Re: Strike out = to any other out?
Riddle me this. How do you explain the following splits for Dunn in 2004?
With runners on base, his split was .265/.423/.527/.950
With RISP .239/.438/.514/.952
On second base only .237/.517/.316/.833
On first and second .318/.424/.636/1.070
RISP w/ 2 out .264/.459/.556/1.015
What do you make of the fact that there's such a discrepancy between runners on 2nd as opposed to runners on 1st and 2nd? How can that be? What is it about the "situation" of having a runner being on first base that all of the sudden makes him so much better than if a runner is only on second? Explain that one to me.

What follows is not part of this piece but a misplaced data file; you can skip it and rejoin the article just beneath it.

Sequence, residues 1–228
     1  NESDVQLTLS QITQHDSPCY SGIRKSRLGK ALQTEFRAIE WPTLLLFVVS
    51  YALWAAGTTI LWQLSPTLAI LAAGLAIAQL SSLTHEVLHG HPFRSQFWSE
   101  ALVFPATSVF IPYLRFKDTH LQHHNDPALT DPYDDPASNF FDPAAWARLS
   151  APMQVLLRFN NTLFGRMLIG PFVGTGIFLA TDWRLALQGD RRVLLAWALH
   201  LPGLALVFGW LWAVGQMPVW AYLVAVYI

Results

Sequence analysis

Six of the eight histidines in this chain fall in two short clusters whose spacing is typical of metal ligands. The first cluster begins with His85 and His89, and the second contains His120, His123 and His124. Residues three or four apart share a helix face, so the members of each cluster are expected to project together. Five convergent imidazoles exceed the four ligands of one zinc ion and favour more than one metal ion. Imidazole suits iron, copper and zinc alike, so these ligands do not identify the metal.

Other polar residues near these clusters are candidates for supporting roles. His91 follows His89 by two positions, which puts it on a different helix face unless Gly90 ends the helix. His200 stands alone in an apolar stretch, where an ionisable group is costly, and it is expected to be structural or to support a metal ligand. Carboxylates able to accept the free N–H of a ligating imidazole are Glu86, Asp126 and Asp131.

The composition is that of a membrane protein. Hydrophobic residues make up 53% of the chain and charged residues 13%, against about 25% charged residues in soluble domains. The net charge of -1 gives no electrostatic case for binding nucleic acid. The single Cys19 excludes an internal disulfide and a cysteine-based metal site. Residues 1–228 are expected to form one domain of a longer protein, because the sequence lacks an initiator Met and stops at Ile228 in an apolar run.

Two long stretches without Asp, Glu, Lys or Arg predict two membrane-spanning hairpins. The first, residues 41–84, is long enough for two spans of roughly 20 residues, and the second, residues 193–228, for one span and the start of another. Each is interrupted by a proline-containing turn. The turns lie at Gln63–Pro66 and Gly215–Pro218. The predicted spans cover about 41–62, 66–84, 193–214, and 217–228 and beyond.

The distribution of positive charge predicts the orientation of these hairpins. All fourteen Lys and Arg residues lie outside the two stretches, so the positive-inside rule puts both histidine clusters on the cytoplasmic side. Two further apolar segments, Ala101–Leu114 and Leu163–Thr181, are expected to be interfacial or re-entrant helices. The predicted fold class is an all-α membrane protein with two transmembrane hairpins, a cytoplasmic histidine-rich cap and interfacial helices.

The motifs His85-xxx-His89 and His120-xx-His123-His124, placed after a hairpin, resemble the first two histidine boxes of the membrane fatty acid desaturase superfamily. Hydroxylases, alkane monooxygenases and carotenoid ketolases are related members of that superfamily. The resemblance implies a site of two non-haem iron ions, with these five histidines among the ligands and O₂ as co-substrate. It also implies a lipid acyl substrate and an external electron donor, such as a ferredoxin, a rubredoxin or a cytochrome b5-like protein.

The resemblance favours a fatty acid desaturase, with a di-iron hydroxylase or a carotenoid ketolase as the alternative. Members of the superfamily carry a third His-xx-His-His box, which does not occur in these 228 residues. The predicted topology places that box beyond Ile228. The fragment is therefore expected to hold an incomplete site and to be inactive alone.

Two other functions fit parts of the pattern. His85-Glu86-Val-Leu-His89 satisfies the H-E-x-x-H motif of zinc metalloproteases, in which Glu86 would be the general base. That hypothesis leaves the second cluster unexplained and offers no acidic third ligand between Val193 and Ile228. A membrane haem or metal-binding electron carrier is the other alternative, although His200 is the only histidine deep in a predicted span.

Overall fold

Also, did you take a look at RISP with 2 outs? Why is that so different that his normal RISP numbers? Is there something about the situation that makes it easier to hit with 2 outs as opposed to 0 or 1 out? If all situations are so different to hit in, tell me what makes these situations so different.
Grape works as a soda. Sort of as a gum. I wonder why it doesn't work as a pie. Grape pie? There's no grape pie. - Larry David